The American Center for Law and Justice, Pat Robertson’s blunt-weapon answer to the American Civil Liberties Union, headed by the creepy and ubiquitous Jay Sekulow, is not just about preserving antiquated social mores anymore. Long enforcers and defenders of “traditional values” like women baring all the kids God gives them and carrying slippers to their husbands at the end of the day or teachers instructing students on creationism in public schools, the ACLJ has proven to be on the “old ways” side of anywhere government and religion intersect. Now, they’ve apparently got a penchant for old buildings too.
After the Landmarks Preservation Commission approved the demolition of a building near Ground Zero to make way for a Muslim religious center*, the ACLJ vowed to file suit against the ruling, as Rob Boston reports, because they want to preserve the building:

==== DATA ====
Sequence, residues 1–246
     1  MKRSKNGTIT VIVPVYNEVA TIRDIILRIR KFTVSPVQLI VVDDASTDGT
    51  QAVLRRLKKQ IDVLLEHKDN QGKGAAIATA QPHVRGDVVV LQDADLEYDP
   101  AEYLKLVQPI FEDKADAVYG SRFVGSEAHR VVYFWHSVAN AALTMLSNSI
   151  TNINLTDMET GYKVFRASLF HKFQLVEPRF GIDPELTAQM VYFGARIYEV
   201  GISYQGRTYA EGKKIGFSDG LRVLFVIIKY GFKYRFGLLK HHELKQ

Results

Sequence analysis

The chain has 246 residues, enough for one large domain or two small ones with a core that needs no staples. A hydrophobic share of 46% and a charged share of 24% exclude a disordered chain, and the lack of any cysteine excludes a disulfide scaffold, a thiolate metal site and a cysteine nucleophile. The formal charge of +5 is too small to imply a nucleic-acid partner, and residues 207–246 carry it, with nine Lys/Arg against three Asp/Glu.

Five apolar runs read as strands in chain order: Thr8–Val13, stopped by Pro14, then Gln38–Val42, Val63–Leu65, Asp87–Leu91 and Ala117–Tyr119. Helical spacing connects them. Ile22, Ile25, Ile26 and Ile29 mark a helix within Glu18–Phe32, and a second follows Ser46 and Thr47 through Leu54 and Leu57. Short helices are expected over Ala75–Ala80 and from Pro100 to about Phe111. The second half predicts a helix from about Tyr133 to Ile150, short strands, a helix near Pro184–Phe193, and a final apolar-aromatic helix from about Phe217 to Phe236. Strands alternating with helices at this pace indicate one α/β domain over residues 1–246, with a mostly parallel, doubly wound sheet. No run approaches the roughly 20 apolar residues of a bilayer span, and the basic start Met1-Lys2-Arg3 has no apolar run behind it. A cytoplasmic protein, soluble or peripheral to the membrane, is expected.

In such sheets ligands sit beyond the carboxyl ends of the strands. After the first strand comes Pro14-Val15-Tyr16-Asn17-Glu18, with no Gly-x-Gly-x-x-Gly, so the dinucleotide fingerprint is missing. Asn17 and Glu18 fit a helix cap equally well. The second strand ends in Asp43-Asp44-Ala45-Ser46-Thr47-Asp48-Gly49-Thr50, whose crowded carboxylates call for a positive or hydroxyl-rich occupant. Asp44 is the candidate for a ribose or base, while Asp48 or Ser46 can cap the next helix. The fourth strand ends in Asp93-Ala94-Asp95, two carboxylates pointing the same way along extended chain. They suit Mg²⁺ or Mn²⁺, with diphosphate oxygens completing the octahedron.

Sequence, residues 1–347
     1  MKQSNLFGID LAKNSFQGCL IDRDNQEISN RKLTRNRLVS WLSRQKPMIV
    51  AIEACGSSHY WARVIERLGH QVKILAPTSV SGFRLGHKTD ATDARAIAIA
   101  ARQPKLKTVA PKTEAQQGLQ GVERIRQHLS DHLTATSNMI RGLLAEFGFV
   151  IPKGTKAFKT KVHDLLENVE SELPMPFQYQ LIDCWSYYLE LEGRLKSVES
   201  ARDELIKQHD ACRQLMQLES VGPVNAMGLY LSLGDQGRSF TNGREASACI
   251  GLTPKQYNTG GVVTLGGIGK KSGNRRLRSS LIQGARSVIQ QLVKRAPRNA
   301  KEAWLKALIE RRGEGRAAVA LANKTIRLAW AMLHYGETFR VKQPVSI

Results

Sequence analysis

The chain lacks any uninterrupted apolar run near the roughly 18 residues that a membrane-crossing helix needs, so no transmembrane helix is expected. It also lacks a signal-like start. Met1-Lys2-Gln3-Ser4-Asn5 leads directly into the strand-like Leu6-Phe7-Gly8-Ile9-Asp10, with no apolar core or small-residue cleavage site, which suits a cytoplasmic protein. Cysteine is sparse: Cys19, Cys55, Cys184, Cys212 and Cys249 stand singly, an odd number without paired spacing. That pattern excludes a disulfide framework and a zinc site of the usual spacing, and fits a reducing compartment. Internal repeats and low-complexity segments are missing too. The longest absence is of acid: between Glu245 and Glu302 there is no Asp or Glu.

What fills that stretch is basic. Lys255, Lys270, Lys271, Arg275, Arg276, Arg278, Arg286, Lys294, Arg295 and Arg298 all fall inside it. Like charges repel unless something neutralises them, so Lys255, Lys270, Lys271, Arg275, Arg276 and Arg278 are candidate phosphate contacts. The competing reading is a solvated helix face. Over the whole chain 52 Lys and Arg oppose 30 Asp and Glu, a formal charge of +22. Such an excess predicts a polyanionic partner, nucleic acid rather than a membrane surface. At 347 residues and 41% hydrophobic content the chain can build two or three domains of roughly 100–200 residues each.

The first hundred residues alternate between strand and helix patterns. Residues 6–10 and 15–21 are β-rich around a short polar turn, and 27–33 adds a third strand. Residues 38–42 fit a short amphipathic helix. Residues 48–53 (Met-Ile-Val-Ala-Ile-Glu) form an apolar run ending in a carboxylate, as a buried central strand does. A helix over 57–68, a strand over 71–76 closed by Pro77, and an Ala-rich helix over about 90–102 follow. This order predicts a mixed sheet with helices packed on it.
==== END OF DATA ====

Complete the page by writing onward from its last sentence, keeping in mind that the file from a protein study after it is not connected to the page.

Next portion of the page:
In a press release, Sekulow calls the building, which dates to the 1850s, “historic and hallowed” and claims that his group’s opposition is “not based upon fear, hostility or prejudice, but rather the unique architectural and historical characteristics of the building and the public’s interest in preserving the history of the September 11th events.”
But in fact, the public has shown little interest in preserving the building. It was severely damaged during the attack and sat empty until its purchase in 2009. The building was not especially iconic before the attack: It housed a Burlington Coat Factory store.
*Much has been made of conservatives’ successful efforts to rebrand the proposed Muslim religious center as a “mosque,” the objective being to use the scary term to generate opposition to it. While calling the proposed facility what it is — a Muslim religious center — we’re being accurate. Still, mosque should not be a dirty word and battling with opponents over what to call Cordoba House is really just another distraction (like the building cited to be demolished) from the primary issue: religious intolerance and Islamophobia.